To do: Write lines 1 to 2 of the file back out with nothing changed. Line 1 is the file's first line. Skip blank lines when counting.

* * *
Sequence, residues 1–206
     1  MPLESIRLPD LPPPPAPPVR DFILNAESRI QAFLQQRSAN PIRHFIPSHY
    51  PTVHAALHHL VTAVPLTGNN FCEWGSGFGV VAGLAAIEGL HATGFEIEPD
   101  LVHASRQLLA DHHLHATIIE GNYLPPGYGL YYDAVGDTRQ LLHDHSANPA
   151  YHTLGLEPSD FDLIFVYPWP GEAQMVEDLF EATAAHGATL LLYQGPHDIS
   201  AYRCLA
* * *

Sequence, residues 1–206
     1  MPLESIRLPD LPPPPAPPVR DFILNAESRI QAFLQQRSAN PIRHFIPSHY